Secondly, principled politics is what the Greens know. It’s their realm of competence. An idealistic stance would have given them the ability to critique whatever misdeeds the government undertakes in the name of this act with a clear and objectively indisputable line (“we voted against it”), whilst the best they can muster at present is the equivocal, inconsistent line which Norman is running in the Frogblog thread (“we objected to it and we don’t like it but we voted for it anyway because we thought it was the right thing to do”). BJChip demonstrates a fundamental lack of understanding how public-sphere political communication works with (her or his, I’m not sure) defence: “if they give us such idiotic cr@p [as “you voted for it”] we can give it back chapter and verse”. I replied with the following:

And not a word after “but you voted for it” will be worth a damn out there in the cold, pragmatic world of realpolitik which the Greens have now decided to enter. In that world “but you voted for it, so STFU” is the super-hero version of the “Nine Long Years” gambit which paralysed the Nats from 1999-2004 and has paralysed Labour for the term so far. You can’t beat it; in the battle of the soundbite, it’s political kryptonite because when they say it, they’re right. You voted for it: it’s your law, you swing by the same rope as the rest if and when it all comes apart. And so you should.

As much as they might believe themselves to be big-game players, the Greens have never even made a serious attempt to master the complexities of pragmatic politics, preferring to leave the cut-and-thrust to others. In the realm they have now entered they aren’t so much frogs as tadpoles. Judging by Norman and Hague’s statements and the spirited defence of BJChip (and others who use the pronoun “we” on behalf of the party), it seems they will attempt to defend the decision to support CERRA as they would any principled stance, with a clear restatement of the whys and wherefores behind the decision, omitting any discussion of the political consequences. This is impossible, because it is clear to even the most casual observer that the decision was a pragmatic one based on the politics.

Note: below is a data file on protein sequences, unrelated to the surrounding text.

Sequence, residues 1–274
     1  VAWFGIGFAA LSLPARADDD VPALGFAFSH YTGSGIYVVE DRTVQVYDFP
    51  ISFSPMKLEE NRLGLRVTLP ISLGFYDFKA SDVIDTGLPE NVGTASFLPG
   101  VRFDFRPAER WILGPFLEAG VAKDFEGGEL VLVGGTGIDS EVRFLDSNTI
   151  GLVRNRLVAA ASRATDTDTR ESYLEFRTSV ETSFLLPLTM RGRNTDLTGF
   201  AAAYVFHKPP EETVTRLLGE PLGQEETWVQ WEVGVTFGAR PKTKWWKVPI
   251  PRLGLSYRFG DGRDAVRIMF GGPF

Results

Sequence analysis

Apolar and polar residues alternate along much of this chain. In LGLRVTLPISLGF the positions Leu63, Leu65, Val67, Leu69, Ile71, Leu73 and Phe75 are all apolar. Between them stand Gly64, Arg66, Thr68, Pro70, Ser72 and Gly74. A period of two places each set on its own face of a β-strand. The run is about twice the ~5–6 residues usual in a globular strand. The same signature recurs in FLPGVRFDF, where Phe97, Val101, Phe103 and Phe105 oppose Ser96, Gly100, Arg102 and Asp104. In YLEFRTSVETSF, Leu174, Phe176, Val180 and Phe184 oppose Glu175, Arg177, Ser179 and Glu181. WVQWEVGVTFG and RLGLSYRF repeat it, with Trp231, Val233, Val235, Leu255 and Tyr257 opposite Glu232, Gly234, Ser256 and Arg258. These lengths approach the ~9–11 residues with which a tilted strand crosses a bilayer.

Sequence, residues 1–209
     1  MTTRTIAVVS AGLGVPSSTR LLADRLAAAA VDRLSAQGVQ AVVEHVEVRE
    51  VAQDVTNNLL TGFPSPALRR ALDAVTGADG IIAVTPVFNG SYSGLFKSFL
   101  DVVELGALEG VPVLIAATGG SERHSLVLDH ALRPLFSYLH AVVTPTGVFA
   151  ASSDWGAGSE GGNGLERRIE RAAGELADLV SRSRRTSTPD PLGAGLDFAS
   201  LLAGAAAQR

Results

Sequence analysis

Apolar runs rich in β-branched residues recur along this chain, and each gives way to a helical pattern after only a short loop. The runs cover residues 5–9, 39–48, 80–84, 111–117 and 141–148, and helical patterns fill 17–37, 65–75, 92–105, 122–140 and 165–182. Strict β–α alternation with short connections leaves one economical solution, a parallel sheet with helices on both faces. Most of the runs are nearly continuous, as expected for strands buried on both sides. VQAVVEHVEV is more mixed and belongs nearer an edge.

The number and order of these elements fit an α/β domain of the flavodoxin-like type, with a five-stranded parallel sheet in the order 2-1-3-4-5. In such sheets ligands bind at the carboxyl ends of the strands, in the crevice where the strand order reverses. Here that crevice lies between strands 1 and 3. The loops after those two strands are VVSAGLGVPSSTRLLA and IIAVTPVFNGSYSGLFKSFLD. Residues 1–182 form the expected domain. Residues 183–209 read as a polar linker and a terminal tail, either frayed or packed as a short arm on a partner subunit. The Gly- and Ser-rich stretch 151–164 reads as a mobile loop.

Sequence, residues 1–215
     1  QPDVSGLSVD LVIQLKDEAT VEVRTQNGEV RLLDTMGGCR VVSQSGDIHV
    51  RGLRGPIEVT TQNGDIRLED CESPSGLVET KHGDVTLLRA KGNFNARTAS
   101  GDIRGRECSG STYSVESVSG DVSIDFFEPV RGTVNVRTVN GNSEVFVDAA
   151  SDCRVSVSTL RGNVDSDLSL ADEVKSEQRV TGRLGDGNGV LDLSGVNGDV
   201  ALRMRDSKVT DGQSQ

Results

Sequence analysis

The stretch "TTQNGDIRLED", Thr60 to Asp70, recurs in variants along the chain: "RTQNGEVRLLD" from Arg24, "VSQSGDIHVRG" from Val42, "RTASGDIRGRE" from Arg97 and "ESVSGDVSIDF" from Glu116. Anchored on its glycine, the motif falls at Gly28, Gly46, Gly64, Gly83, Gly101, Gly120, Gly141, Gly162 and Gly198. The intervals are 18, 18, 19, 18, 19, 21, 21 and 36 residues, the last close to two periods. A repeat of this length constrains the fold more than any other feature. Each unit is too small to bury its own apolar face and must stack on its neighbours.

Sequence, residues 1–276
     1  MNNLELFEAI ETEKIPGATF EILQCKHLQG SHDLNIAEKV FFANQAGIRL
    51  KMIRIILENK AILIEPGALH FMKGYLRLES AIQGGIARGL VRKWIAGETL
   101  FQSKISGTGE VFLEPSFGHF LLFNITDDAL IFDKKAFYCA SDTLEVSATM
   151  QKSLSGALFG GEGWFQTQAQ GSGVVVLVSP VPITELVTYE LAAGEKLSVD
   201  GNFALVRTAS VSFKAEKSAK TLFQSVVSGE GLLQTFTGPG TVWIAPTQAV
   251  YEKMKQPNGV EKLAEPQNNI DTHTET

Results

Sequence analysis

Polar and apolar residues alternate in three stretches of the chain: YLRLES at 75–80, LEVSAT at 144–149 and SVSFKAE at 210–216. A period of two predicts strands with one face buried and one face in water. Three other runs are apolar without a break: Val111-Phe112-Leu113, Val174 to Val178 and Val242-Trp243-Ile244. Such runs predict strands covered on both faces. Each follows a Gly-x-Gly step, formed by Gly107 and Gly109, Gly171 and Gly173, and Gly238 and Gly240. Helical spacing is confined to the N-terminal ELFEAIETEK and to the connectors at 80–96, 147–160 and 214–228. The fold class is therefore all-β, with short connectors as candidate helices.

Third and most importantly, at the electoral sharp end a uniquely principled stand positions the party as a ‘safe harbour’ for voters from other parties who are disillusioned by those parties’ too-enthusiastic embrace of pragmatism. This is where I think the Greens got their political calculus most badly wrong. The Greens’ own membership and support base was not going to be unduly turned off by the fact the party refused to support a bill granting dictatorial powers to Gerry “sexy coal” Brownlee; they may have taken some sort of hit, but the risk was not as dire as it is being spun. But a principled stance against this manifest assault on the constitutional framework of the country would have permitted the Greens to position themselves as the last line of defence against Shock Doctrine authoritarianism; a rallying point for liberal values. “Even if you disagree with our policy orientation,” they might say, “at least you know where we stand, and can rely on us to stand against the worst excesses of government impunity.” Coupled with the ideological moderation signalled by the departure of Sue Bradford and Jeanette Fitzsimons, I believe the Greens stood to gain considerable support from disappointed Labour voters, particularly those who wanted the party to act as a functional opposition to the government — and they might have even picked up a little bit from the other parties, as well.

So the decision manifestly fails on grounds of principle, and because the Greens are a self-declared party of principle with neither a strong history nor any particular skills in the exercise of realpolitik, it is doomed to be a failure in practice as well. One silver lining, though: since the Greens stand to gain nothing from it, their support for CERRA doesn’t really indicate that they’ve sold their principles out for power as “Tory toadies”; more that they simply lost their nerve. This stands in contrast to Labour, whose support for the act was obviously based on pragmatic grounds of political calculus, and principles of good governance be damned. This is especially the case for Christchurch-based MPs like Brendon Burns, who is leading the red team’s defence in a particularly distasteful fashion. They are complicit in the power grab. The Greens and their principles are just casualties of it.

L

Sue Bradford: hampered by her own effectiveness

datePosted on 20:33, September 25th, 2009 by Lew

I haven’t had a chance to read much of the matter written about Sue Bradford’s resignation today, so I apologise if I duplicate things other, wiser, faster people have said.